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Soapbox: Stephen Finch on the 2 metre barrier to trade

Published:  08 June, 2020

Asking for rational trade-offs, Vagabond’s Stephen Finch voices the on-trade’s concern over the economic impact of shut-down and the 2 metre distancing rule.

We all know Sars-Cov-2 is absurdly infectious. But why is no one in government or the major media talking about the fact that Covid-19, the disease caused by that virus, is overwhelmingly dangerous to only two small segments of the population? For the vast majority Covid-19 is proving less fatal than the seasonal flu.

What’s more, both vulnerable segments are easily identifiable – the elderly and the immunocompromised – which means we could have incurred far less destruction and avoided far more non-Covid-19 deaths while providing far more dedicated resources to protect those segments than we have to date.

My sense is we ended up where we are because the government’s response, while correct and admirable at the beginning of the outbreak, somehow stopped involving a coherent, rational, objective assessment of the facts and started ignoring basic cost/benefit analysis. General panic and muddled thinking seem to have taken over. (When the prime minister thankfully recovered from Covid-19 I worried he would behave “once bitten, twice shy” and that seems to be proving true.)

Case in point – not all measures to prevent the spread of a virus, let alone Sars-Cov-2, are equally effective. Nor are they equally costly. Frequent washing of hands is far and away the most effective thing people can do to lower the risk of acquiring the virus. It’s also virtually cost-free. Face masks are somewhat effective – at least in terms of preventing transmission to others; not so much vice versa – and, while they’re a visible daily reminder of the terrible situation, they’re also fairly low cost. So that’s two tactics that, between them, probably account for 80% of the realistically achievable suppression of virus transmission. And for very little societal cost.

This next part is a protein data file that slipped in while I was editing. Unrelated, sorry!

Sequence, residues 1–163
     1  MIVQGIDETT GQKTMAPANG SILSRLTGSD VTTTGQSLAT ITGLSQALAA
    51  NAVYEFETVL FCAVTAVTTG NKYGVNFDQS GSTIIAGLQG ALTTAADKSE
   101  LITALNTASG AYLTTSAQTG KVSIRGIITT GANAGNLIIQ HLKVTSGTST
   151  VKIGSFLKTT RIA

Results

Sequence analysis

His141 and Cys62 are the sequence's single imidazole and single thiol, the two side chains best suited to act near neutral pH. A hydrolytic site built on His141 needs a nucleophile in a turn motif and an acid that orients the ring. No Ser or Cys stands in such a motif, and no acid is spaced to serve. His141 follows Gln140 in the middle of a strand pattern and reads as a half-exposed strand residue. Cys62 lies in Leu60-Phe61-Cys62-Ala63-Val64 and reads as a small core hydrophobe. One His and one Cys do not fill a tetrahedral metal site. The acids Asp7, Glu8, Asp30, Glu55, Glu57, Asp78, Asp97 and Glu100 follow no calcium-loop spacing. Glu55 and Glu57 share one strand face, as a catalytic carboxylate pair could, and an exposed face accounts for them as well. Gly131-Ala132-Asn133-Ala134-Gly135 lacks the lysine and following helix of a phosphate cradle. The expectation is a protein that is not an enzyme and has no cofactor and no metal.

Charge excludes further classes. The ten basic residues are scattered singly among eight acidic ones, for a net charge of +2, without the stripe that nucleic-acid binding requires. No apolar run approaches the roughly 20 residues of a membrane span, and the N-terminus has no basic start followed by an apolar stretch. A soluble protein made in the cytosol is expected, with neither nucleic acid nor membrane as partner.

And this 2 metres social distancing thing? That’s low efficacy and high cost – precisely the sort of thing a rational, clear-thinking policymaker should not countenance. It’s telling that the World Health Organisation recommends 1 metre, yet the UK is virtually alone in the world at 2 metres. The WHO released a study demonstrating that “people have just a 2.6% chance of catching coronavirus if they stand 1 metre away from an infected patient”. The incremental reduction in transmission risk from a 2 metre policy is minimal, “reducing the risk to around 1.3%”. The economic damage from that extra metre is massive. Most hospitality businesses are not viable under 2 metres social distancing. Then add on the lost productivity from thinned out offices, schools, etc. All that destruction for such little benefit. What a waste.

I guess I can take comfort from the fact that other countries have started to reopen and – surprise – the sky hasn’t fallen. The more people experience that reality, the more we can hope the UK will more confidently and expeditiously reopen the economy while protecting the vulnerable.

Currently, Vagabond is open for takeaway and delivery at our more residential outlets, and our Northcote Road site doubles as a fulfilment centre for the webstore, which we set up at the beginning of the lockdown. We’re not going to make much money out of any of this; it’s more about keeping the brand alive, allowing some staff to earn full pay and making sure venues are looked after.

We’re preparing to open most Vagabonds for on-trade activities on 4 July. This will be primarily those with sizeable outside areas, which most fortunately have. Yes, we’ve assorted Covid-19 policies and procedures in place like everyone else, but we’re not going to go overboard with massive plastic shields and temperature guns. Maybe four weeks ago people would want to see a Plexiglass bunker but I think now that people have been out, they’re absolutely done with the lockdown. They’re ready to live life again. And let’s not forget, people are smart and capable. They will be careful.

Hospitality operators are resourceful and determined. We will find a way to make sensible social distancing work, and we’ll do what we must to ensure a safe yet enjoyable environment. But we still need clarity from the government about what makes a place ‘Covid secure’? Our guests will need reassurance that we’re fully in compliance with this newly created standard – 4 July will be here before we know it, and we need to start making plans now.

I understand that the government is in a tough spot, with momentous decisions to take in the midst of great uncertainty. But if the phrase “we’re in this together” is to mean anything, it needs to start trusting the people more. We need the government to make decisions that assume people are responsible and sensible. If it does, we’ll get through this virus crisis quicker and more intact than the current trajectory suggests.